China Rich Girlfriend
by Kwan, Kevin






Feeling incomplete because her unknown birth father cannot walk her down the aisle, a girl on the brink of marrying one of Asia's richest bachelors is brought into the elite circles of Shanghai by a shocking revelation. By the author of Crazy Rich Asians. Reprint. A national best-seller.





Kevin Kwan is the author of Crazy Rich Asians, the international bestseller now being adapted into a major motion picture.  Born and raised in Singapore, Kwan has called Manhattan home for the past two decades but still craves pineapple tarts and a decent plate of Hokkien mee.

Please visit www.kevinkwanbooks.com





The sequel to Crazy Rich Asians (2013) plunges readers back into the opulent lifestyles and torrid love affairs of the fabulously wealthy Chinese expats Kwan introduced in her debut. History professor Nick Young defies his mother, Eleanor, to marry his American girlfriend, Rachel Chu, but Eleanor surprises everyone when she shows up at their secret wedding with Rachel's birth father in tow. After meeting her father for the first time, Rachel is surprised to learn she has a younger half brother, Carlton, and she and Nick are soon swept up in Carlton's chaotic life, as well as that of his super-rich, trendsetter girlfriend, Colette. Nick's cousin, Astrid, tries to ignore the flaws in her marriage and the increasingly erratic behavior of her husband even as she confides in an ex-lover, while social climber Kitty Pong attempts to reinvent herself in the hopes of being accepted into the upper echelons of high society. Lovers of clothes, cuisine, and cars will find themselves at home in Kwan's second smart and snarky send-up of the Chinese jet set. Copyright 2014 Booklist Reviews.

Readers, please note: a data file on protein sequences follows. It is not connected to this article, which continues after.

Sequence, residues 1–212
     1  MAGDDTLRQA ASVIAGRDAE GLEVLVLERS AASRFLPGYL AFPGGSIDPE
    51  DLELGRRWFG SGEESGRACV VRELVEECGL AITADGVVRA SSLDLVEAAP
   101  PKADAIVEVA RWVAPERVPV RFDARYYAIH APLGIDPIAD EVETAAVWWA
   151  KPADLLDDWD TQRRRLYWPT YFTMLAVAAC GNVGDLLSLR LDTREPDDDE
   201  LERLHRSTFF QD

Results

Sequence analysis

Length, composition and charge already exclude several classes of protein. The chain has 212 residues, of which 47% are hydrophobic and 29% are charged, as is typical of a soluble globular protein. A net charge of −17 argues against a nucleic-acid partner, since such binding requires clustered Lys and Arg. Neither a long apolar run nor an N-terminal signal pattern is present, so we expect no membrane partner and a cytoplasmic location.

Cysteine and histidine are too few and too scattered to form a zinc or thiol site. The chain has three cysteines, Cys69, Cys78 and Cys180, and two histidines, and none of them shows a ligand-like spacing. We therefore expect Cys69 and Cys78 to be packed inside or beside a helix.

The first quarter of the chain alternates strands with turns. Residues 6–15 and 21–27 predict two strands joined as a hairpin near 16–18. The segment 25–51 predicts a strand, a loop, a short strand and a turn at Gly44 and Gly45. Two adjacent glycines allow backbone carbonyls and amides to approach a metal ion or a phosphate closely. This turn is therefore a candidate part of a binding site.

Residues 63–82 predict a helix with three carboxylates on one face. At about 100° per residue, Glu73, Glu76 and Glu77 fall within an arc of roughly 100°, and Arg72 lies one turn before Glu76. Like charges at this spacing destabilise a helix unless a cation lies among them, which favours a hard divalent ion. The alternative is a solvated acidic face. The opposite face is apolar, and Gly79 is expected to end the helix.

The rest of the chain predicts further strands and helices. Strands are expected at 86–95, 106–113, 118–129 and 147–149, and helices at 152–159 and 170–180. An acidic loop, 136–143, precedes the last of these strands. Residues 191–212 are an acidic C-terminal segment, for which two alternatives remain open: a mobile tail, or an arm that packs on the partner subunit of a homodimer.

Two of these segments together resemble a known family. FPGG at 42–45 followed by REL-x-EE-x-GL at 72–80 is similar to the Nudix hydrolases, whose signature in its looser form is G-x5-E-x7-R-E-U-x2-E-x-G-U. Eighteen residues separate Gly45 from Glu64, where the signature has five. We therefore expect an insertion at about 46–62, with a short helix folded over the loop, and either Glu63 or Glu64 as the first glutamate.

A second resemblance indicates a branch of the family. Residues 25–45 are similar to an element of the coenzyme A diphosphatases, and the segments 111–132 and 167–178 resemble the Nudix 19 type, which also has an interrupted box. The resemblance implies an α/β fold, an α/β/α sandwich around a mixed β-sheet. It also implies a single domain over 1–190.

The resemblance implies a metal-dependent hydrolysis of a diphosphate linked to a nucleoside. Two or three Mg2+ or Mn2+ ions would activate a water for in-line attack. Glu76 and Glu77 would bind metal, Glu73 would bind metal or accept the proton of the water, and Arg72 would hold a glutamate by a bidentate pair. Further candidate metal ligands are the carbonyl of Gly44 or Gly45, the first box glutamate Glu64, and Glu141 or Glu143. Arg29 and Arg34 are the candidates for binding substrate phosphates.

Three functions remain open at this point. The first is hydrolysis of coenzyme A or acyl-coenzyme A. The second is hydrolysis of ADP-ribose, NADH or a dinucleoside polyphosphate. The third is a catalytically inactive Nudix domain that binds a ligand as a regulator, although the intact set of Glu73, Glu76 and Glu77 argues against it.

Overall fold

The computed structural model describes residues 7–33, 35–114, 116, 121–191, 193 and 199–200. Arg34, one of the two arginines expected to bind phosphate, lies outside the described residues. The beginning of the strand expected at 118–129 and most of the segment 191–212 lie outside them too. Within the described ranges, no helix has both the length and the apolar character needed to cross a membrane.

Kwan (Crazy Rich Asians, 2013) returns with an equally good-natured, catty-as-hell sequel to his bestselling roman à clef about China's new and old money dynasties. For those not cued in, Kwan's tone is breakneck and utterly disarming-part Oscar Wilde, part Judith Krantz, part Arthur Frommer-as he reintroduces his jet-setting ensemble of socialites and social climbers. They include: Nick and Rachel (star-crossed Asian-American lovers who are searching for her father while avoiding his meddlesome Singaporean mom); Mrs. Bernard Tai (aka Kitty Pong, former mainland soap-opera star, who must temper her nouveau urges if she hopes to impress members of Hong Kong's exclusive dining clubs); Astrid Leong (married "beneath" her rank, wears off-the-rack dresses that, on her, pass for designer; her jewelry and class are the real deal, however); plus a circle of spoiled-rich 20-somethings who think they're re-enacting The Fast and Furious. Whenever a character drops a sal ty Hokkien, Cantonese, or Mandarin phrase or an unfamiliar reference, Kwan translates in a wry footnote (a device he used to great effect in his previous book). Occasionally the sendups of squillionaire excess fall a little flat: "Look-it's a koi pond," gasps Rachel as she absorbs the décor of her Shanghai host's private jet. "God, you scared me. For a moment I thought something was wrong," answers her fiance, Nick, who stands to inherit one of China's great fortunes but prefers teaching undergrads at NYU. "You don't think anything's wrong?" Rachel presses. No wonder Nick's mom, the not-to-be-bested Eleanor Young, tries her utmost to topple their engagement! (Until she stumbles onto the true identity of Rachel's birth father-and is now using it to reel her son home to face up to his privileged heritage, with unanticipated results.) Most hilarious when he's parodying uber-rich Chinese aunties who'd "rather camp out six to a room or sleep on the floor than spe n d money on hotels" and professional image consultants who help clients "take [their] most embarrassing biographical details and turn them into assets," Kwan keeps more than a few plot resolutions in the air but delivers at least one priceless declaration of love: "The bathroom [renovation] is fully funded....Now please pick out a dress." Over-the-top and hard to stop. A third installment is promised. Copyright Kirkus 2015 Kirkus/BPI Communications.All rights reserved.






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